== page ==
Cuknay History, Family Crest & Coats of Arms

Cuknay is a name that came to England in the 11th century wave of migration that was set off by the Norman Conquest of 1066. The Cuknay family lived in Nottingham, at the manor of Silvan.

Early Origins of the Cuknay family

The surname Cuknay was first found in Nottingham where the family name is descended from a Norman noble Joceus le Flemangh who accompanied William the Conqueror into England and was granted part of a knight's fee at Cuckney in that shire.

Sir Gerard Salveyn (d. 1320), was an English judge, son of Robert Salveyn of North Driffield, Yorkshire. "The family claimed descent from Joce le Flemangh, who came over with the Conqueror and settled at Cukeney, Nottinghamshire, and whose grandson Ralph obtained the surname Le Silvan from his manor of Woodhouse." [1]

Another source notes, "Sir Osbert Silvayne, Knight of Norton Woodhouse, in the Forest of Sherwood, living in the 29th of Henry III" [2] is also claimed to be the progenitor of the family. The latter reference acknowledges the incongruity by noting that "some of the name ... were seated at Norton before the year 1140." [2] So, we must leave the true progenitor in question.

Thorpe-Salvin in the West Riding of Yorkshire was home to a branch of the family. "This place is situated at the junction of the counties of York, Derby, and Nottingham. It was anciently the property of the Salvin family, and subsequently of the Sandfords." [3]

Important Dates for the Cuknay family

This web page shows only a small excerpt of our Cuknay research. Another 129 words (9 lines of text) covering the years 1086, 1348 and 1716 are included under the topic Early Cuknay History in all our PDF Extended History products and printed products wherever possible.

Cuknay Spelling Variations

Spelling variations in names were a common occurrence in the eras before English spelling was standardized a few hundred years ago. In the Middle Ages, even the literate regularly changed the spellings of their names as the English language incorporated elements of French, Latin, and other European languages. Many variations of the name Cuknay have been found, including Salvin, de Salvin, Salwin, Silvan, Silvayne, Salvayne, Salvyn, Cuckney, Cucknay, Cukney and many more.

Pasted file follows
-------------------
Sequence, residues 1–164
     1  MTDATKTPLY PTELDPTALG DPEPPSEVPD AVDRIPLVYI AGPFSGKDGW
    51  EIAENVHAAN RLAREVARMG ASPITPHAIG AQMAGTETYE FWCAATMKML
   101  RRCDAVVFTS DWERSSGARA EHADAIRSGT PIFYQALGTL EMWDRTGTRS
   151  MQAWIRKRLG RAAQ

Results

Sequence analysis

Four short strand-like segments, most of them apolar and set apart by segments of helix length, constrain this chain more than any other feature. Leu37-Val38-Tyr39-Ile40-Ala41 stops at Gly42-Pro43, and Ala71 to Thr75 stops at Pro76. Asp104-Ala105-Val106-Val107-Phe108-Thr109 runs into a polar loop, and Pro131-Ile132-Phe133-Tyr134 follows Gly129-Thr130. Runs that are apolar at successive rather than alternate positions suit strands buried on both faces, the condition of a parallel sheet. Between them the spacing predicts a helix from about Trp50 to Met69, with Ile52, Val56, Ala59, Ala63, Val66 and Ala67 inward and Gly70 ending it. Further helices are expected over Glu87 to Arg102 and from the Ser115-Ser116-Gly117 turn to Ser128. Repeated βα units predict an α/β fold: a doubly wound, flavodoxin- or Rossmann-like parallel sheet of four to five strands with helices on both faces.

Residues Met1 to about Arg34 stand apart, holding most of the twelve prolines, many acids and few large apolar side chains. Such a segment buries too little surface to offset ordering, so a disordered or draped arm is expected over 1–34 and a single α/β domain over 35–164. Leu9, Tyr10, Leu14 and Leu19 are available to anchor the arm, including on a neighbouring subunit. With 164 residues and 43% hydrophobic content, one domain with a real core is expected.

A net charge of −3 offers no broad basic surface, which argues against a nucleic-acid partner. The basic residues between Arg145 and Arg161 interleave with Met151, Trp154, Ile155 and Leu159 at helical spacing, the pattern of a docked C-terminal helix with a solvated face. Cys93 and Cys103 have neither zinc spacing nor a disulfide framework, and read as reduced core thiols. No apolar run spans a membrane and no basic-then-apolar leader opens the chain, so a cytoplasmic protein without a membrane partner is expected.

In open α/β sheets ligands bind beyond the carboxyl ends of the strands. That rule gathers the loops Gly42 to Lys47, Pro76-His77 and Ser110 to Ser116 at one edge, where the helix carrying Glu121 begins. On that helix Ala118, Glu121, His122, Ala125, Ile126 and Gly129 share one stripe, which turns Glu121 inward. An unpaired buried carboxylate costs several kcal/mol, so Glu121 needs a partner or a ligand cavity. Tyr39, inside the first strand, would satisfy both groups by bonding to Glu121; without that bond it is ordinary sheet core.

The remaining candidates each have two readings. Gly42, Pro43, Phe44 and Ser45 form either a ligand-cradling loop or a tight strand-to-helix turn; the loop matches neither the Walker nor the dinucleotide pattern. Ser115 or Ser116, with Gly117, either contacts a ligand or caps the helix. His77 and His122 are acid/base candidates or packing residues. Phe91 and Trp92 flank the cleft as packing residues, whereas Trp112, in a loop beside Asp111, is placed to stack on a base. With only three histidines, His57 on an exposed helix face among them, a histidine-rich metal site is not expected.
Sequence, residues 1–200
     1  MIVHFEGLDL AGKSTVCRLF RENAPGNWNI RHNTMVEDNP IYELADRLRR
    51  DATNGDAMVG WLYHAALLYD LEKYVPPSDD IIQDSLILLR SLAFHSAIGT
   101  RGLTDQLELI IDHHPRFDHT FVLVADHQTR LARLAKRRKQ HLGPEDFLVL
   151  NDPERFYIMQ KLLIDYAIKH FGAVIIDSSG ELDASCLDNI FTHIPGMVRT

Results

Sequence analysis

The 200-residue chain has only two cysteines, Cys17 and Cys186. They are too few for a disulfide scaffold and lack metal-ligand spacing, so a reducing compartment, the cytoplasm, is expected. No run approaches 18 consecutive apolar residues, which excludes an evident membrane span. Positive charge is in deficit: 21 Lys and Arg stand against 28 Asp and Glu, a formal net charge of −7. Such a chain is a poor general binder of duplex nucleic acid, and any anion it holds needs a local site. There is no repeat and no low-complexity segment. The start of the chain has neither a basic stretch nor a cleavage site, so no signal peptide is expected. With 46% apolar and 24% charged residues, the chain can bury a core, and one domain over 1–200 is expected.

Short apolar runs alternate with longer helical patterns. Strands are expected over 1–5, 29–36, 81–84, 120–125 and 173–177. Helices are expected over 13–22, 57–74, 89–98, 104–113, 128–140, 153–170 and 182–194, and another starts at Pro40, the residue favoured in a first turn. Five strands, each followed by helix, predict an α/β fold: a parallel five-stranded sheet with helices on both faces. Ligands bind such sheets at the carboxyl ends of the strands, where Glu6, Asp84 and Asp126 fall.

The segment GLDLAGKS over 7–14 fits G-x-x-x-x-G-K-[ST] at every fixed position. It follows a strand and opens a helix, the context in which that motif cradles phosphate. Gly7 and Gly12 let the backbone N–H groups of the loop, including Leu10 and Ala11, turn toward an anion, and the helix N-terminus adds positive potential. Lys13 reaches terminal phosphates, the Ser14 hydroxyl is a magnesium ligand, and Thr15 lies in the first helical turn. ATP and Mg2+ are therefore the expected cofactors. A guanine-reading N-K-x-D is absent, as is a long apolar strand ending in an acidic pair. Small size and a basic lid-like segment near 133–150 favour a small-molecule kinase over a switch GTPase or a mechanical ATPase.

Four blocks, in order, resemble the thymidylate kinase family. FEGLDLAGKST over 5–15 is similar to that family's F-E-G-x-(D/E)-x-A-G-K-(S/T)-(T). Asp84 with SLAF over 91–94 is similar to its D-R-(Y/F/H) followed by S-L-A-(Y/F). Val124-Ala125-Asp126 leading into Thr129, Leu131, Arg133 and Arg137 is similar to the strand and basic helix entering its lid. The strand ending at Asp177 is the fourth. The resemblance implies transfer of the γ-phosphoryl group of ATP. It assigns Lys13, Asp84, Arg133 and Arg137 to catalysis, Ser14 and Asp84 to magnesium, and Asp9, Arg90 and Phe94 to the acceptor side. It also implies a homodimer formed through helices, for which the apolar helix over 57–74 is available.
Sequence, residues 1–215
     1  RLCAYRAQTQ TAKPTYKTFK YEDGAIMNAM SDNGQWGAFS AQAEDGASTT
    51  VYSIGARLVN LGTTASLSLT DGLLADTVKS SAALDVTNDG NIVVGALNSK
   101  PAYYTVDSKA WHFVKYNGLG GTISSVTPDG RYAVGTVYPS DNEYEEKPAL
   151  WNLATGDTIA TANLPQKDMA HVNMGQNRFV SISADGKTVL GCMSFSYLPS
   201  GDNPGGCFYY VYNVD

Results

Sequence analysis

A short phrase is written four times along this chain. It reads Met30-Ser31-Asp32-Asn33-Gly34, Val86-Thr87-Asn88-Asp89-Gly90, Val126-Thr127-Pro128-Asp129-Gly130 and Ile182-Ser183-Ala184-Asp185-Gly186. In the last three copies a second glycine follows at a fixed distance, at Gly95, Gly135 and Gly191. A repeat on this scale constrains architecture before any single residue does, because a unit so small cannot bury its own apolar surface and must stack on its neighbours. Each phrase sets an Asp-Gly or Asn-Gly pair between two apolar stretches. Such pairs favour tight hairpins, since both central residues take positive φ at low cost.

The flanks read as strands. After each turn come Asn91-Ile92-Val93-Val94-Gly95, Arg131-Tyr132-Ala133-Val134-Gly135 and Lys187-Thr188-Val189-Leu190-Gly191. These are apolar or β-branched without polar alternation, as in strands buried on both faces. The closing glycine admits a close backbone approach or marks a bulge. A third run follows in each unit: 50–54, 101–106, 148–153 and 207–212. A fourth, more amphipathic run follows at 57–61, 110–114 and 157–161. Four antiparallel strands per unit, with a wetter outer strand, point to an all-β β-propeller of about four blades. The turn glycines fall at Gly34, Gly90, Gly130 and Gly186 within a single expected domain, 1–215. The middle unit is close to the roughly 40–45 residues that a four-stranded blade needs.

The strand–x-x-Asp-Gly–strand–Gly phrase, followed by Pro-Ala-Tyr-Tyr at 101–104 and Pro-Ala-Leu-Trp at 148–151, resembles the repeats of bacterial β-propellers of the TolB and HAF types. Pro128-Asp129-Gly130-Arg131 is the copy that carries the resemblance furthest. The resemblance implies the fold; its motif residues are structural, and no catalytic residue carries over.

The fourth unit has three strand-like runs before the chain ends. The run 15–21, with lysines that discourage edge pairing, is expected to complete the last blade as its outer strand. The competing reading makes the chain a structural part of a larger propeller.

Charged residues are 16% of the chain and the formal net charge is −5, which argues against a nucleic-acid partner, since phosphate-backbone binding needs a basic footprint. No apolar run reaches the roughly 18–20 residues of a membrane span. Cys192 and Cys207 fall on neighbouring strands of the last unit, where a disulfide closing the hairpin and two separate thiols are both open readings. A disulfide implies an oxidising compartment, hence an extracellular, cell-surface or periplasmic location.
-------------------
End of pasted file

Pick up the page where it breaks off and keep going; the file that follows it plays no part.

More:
Early Notables of the Cuknay family (pre 1700)

More information is included under the topic Early Cuknay Notables in all our PDF Extended History products and printed products wherever possible.

Migration of the Cuknay family

For many English families, the social climate in England was oppressive and lacked opportunity for change. For such families, the shores of Ireland, Australia, and the New World beckoned. They left their homeland at great expense in ships that were overcrowded and full of disease. Many arrived after the long voyage sick, starving, and without a penny. But even those were greeted with greater opportunity than they could have experienced back home. Numerous English settlers who arrived in the United States and Canada at this time went on to make important contributions to the developing cultures of those countries. Many of those families went on to make significant contributions to the rapidly developing colonies in which they settled. Early North American records indicate many people bearing the name Cuknay were among those contributors: George Salvin who arrived in Pennsylvania in 1846; Henry Cucknay who settled in Virginia in 1639.

Citations

  1. ^ Smith, George (ed), Dictionary of National Biography. London: Smith, Elder & Co., 1885-1900. Print
  2. ^ Shirley, Evelyn Philip, The Noble and Gentle Men of England; The Arms and Descents. Westminster: John Bower Nichols and Sons, 1866, Print.
  3. ^ Lewis, Samuel, A Topographical Dictionary of England. Institute of Historical Research, 1848, Print.
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